Main reference: Story in Yangcheng Daily
Singapore-based investor Jim Rogers – not a big fan of the US dollar or investing in consumer plays these days – is well known for his bullish take on commodities and mining.
That’s because he says the global economy is going to go back to the basics and value firms that actually produce things.
But how does the Baltimore-born baron of the bourses feel about the property market in the world’s most populous country?
Rogers, who has called Singapore home since 2007 and is best known for co-founding the Quantum Fund with George Soros, said he was adopting a wait and see attitude on Chinese real estate.
“I’m not sure where the PRC property market is headed right now so I am calmly watching trends from the sidelines,” he said at a recent investment conference in the southern Chinese city of Guangzhou.
He confessed he “didn’t understand” the current real estate scenario in Mainland China but believed that “buying farming assets or gold was better than investing in (residential and commercial) property” these days.
The American investor expressed confidence in China’s economic growth going forward, adding that his daughter was immersed in her Mandarin studies in anticipation of the rise of the PRC.
“She can speak like a native Chinese,” he boasted to the audience, adding that he hoped his daughter would choose to study at a Chinese university sometime in the future.
While comments like these bring smiles and chuckles from a roomful of government officials and economists, they do represent a strong vote of confidence in China’s economic growth prospects by one of the world’s best-known investors.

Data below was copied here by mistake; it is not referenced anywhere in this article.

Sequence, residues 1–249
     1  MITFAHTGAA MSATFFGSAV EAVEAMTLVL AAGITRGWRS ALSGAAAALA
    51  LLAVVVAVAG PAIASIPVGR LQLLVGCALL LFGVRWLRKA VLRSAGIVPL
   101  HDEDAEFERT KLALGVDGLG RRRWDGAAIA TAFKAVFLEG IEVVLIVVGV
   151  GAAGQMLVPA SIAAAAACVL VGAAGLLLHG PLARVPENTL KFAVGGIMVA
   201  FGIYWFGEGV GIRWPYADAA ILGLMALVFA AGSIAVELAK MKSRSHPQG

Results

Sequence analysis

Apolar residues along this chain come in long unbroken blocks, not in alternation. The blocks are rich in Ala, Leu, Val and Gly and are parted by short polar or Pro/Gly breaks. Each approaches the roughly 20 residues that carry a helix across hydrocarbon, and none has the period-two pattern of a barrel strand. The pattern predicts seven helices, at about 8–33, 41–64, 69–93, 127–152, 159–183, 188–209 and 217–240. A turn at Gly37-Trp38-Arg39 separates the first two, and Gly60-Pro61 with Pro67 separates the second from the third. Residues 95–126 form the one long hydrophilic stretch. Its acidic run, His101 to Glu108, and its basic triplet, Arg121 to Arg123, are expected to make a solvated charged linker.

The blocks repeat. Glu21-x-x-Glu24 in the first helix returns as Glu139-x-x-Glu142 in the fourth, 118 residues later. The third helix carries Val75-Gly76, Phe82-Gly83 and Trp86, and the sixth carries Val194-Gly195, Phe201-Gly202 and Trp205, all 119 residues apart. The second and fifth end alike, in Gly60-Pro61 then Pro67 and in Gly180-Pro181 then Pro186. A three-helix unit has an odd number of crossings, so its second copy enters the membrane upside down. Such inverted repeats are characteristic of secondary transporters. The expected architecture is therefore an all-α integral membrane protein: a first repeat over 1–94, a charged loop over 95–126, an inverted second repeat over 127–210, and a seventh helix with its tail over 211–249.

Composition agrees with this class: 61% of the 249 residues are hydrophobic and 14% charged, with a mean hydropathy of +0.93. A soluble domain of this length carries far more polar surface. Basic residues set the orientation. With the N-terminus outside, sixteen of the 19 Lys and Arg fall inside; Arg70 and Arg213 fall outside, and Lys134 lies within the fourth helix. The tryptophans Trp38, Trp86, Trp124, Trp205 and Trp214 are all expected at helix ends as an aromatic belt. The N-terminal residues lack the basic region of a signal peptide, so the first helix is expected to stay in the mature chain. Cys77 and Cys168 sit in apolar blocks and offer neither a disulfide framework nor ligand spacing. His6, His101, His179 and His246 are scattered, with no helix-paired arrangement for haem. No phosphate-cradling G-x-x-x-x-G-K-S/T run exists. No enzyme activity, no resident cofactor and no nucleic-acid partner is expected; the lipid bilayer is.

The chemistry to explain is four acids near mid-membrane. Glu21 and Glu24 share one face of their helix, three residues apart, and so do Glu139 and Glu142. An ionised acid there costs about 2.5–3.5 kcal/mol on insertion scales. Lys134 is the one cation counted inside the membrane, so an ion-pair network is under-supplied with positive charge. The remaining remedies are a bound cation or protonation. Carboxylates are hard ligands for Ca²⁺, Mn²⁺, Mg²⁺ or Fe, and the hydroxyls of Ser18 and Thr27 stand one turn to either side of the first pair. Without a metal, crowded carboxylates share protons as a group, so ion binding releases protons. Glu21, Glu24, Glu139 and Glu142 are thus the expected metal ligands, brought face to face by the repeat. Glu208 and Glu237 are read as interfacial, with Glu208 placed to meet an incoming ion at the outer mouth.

Rogers said that the renminbi needed to open up even further, and that following such changes, China’s currency could one day come to replace the US dollar’s position of global prominence.
Because of uncertainty on the global financial stage and his anticipation of troubles for the greenback down the road, he was bullish on bullion and agriculture.
“The price of gold has shot up 800% over the past three years. At the same time, agriculture is becoming an increasingly key component of not only China’s economic growth, but that of the entire world,” Rogers said.
He added that was why he was more upbeat on agriculture property than commercial or residential property in China these days.
As for China’s hot or cold but never room temperature real estate sector, Rogers said he was still trying to figure out the industry.
He also said that the level of private investment in property in China was “not high,” and this provided potential opportunities.
Rogers said that the consensus among industry experts was that things would be getting better for China’s property sector.
Speaking alongside Rogers, Wang Yiming of China’s NDRC said the country’s historic urbanization drive fuelled by mass migration from the countryside to the cities was far from over.
“The growing attention on the domestic market means that Chinese consumers will need more commercial properties. I see a lot of space for development in this area,” said Wang.
He compared China’s property market to Europe to point to untapped potential.
“In the average Italian family, only about 13% of the household wealth is invested in financial assets, with most of the remainder invested in real estate.
“In China, however, the average family’s investment is 35% committed to financial investments with around just 60% invested in property.”
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